In ordinary winding machines, at the end of cable manufacturing systems the arrival speed remains constant while the speed of rotation of the spool is suitably decreased from winding layer to winding layer via a reduction gearing or a torque monitoring device. In the case of rewinders, however, the receiving spool can be driven with a continuously constant speed of rotation, in which case the arrival speed of the winding material increases from winding layer to winding layer. In both cases, as well as when the speed of rotation and arrival speed are variable, the transition to a new winding layer is in each case reliably and rapidly detected by the reversal device of the invention so that the reversal program for the laying drive is initiated and carried out under, in each case, recurrent constant conditions. Since the possibility is available by means of suitable computer programs to filter out different disturbing influences such as, for instance, the recurring variations in diameter of the winding material, very good results for the detection of the flange and the rise into the next layer can be obtained with the reversal method of the invention. The limits of the method employed here reside in the ratio of the smallest winding-material diameter to the diameter and in the inaccuracies of the spool. Practical tests have given excellent results down to a diameter of the winding material of 8 to 10 mm.
The invention will be explained in further detail below with reference to an illustrative embodiment shown in the drawing, in which:
FIG. 1 is a front view of a winding machine in accordance with the invention;
FIG. 2 is a side view of the winding machine of FIG. 1 seen in the direction of the arrow II; and
FIG. 3 is a partial top view of the winding machine of FIG. 2.
FIGS. 1 and 2 show a winding machine having a four-leg frame 2 which is movable on rollers 1 and from the upper part of which there are suspended two spindle sleeve arms 3, 4, a spool 7 having flanges 8 being received on the lower spindle sleeves 5, 6. By means of a strand guide 9 which is arranged in fixed position, the spool 7 is fed a strand-shaped (cord-, cable-shaped or the like) winding material 10 which is to be fed with closely adjacent turns and winding layers arranged precisely above one another. During the winding process, the winding-material run-on point 11 travels back and forth between the spool flange 8; in order to obtain a close application of adjacent windings, the winding material should travel onto the spool with a constant run-on angle α. In order to preserve the angle α, the winder in the case of the embodiment shown by way of example is moved back and forth on ground rails in front of the strand guide 9 by means of a feed drive 12.
When the winding-material run-on point 11 reaches a flange 8, the next winding rises into the next higher winding layer whose winding diameter is greater than previously by twice the diameter of the winding material. In this way the ratio between the spool speed of rotation and the winding-material arrival speed changes suddenly. The winding machine is provided with a spool speed-of-rotation meter 13 and with a measuring device 14 which detects the speed of arrival of the winding material. The measurement values of these devices 13 and 14 are supplied to a programmable computer 15 which monitors the ratio of the two speed values and in case of a change turns on the transition control program for the feed drive 12.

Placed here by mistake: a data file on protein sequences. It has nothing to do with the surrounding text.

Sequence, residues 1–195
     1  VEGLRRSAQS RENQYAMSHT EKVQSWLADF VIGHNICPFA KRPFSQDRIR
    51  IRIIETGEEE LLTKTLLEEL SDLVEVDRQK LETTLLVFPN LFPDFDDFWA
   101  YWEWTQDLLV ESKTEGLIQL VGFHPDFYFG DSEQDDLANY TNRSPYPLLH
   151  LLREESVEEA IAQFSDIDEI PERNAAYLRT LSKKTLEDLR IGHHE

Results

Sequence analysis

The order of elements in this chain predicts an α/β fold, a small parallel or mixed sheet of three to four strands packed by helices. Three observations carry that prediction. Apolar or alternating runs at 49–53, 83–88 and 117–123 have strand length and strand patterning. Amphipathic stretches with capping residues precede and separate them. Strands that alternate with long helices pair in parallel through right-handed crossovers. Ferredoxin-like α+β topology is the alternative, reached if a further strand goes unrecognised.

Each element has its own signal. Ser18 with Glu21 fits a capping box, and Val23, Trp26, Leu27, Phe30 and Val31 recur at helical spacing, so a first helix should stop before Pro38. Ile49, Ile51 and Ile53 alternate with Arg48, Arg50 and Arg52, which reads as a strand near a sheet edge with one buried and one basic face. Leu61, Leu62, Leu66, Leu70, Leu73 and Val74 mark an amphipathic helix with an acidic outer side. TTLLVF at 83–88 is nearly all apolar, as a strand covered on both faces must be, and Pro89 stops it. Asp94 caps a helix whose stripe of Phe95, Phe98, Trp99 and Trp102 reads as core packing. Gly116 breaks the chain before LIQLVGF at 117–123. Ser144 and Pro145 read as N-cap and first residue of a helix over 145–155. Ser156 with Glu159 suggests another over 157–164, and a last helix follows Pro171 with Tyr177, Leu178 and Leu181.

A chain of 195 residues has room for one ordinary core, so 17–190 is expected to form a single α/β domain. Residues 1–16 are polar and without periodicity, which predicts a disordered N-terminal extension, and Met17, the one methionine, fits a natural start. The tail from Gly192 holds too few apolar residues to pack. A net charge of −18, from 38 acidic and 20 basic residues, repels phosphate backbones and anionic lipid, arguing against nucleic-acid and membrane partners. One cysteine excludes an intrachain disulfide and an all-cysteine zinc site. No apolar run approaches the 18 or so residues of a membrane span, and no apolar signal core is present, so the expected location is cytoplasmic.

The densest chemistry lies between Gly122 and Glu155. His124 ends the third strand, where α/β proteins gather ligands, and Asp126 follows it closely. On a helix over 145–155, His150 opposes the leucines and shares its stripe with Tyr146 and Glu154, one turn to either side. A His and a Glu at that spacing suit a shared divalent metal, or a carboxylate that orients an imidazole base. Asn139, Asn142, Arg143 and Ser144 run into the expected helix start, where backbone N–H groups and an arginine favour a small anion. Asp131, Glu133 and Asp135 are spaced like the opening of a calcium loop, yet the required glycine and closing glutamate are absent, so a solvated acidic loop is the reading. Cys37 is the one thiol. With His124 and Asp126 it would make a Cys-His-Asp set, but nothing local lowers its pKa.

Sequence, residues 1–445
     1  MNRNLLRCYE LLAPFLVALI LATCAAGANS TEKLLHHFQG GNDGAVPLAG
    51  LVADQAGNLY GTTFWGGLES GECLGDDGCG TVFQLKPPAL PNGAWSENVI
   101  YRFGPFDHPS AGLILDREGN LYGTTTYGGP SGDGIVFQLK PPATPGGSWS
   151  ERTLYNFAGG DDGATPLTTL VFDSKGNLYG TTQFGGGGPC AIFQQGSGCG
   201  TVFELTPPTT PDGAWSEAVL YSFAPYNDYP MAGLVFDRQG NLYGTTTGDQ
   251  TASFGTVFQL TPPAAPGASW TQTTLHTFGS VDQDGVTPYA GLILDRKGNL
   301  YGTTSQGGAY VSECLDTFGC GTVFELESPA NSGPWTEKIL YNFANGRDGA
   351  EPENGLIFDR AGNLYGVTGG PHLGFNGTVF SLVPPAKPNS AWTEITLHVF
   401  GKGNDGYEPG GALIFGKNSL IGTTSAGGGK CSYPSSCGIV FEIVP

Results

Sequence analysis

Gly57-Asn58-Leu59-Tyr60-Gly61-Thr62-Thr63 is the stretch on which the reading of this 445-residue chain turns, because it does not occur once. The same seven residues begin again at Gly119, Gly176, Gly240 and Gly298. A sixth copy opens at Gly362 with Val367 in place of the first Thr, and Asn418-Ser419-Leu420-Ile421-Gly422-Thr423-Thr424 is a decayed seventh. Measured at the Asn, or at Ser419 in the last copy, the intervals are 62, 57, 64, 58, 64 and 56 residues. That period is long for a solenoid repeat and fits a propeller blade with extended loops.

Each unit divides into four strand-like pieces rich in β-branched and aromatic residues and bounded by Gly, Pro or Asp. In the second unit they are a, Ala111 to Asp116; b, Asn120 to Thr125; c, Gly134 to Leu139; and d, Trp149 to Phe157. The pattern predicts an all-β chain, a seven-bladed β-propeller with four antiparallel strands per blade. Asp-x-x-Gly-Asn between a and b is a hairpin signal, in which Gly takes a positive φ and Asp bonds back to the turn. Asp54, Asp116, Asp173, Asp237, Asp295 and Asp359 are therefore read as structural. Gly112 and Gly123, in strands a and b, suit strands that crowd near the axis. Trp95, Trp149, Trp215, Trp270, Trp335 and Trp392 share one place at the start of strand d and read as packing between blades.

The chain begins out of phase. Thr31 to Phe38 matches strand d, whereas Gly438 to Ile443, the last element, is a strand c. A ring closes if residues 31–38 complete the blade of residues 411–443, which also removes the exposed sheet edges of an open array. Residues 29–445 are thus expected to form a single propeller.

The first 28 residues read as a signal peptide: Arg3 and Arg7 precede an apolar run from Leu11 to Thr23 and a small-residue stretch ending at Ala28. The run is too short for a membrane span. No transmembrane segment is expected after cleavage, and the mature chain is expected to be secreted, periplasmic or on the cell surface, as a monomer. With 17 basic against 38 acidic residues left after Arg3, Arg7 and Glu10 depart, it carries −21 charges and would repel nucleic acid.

While I have disclosed one embodiment of my invention, it is to be understood that this embodiment is given by example only and not in a limiting sense.
|Cited Patent||Filing date||Publication date||Applicant||Title|
|US3257087 *||Apr 23, 1964||Jun 21, 1966||Western Electric Co||Strand distributor|
|US3815846 *||Jan 10, 1973||Jun 11, 1974||Offshore Technology Corp||Self-level wind|
|US3951355 *||Aug 30, 1974||Apr 20, 1976||Sumitomo Electric Industries, Ltd.||Automatic cable winding apparatus|
|US3997128 *||Dec 10, 1975||Dec 14, 1976||The Furukawa Electric Co., Ltd.||Wire take up apparatus|
|US4150801 *||May 23, 1978||Apr 24, 1979||Kobe Steel, Ltd.||Automatic winding machine for wire-like object|
|US4235394 *||Jun 22, 1979||Nov 25, 1980||Fry Robert A||Apparatus for guiding superimposed layers of line onto and off of a power driven reel|
|US4283020 *||Sep 17, 1979||Aug 11, 1981||Western Electric Co., Inc.||Electronic control system for reciprocating mechanism|
|Citing Patent||Filing date||Publication date||Applicant||Title|
|US4477035 *||Jan 31, 1983||Oct 16, 1984||Oconnor Lawrence||Winding a package of tape|
|US5485972 *||Nov 19, 1993||Jan 23, 1996||The United States Of America As Represented By The Secretary Of The Navy||Cable recovery winder|
|US5551644 *||Feb 10, 1993||Sep 3, 1996||Nokia-Maillefer Oy||Method of and a device for winding a wire-like product on a flanged reel|
|USRE32608 *||Sep 30, 1986||Feb 23, 1988||Kt Technologies Inc.||Winding a package of tape|
|U.S. Classification||242/478.2, 242/478.1|
|Cooperative Classification||B65H54/2863, B65H54/2884|
|European Classification||B65H54/28P, B65H54/28L10B2B|
|Mar 9, 1987||FPAY||Fee payment|
Year of fee payment: 4
|Feb 19, 1991||FPAY||Fee payment|
Year of fee payment: 8
|May 30, 1995||REMI||Maintenance fee reminder mailed|
|Oct 22, 1995||LAPS||Lapse for failure to pay maintenance fees|
|Jan 2, 1996||FP||Expired due to failure to pay maintenance fee|
Effective date: 19951025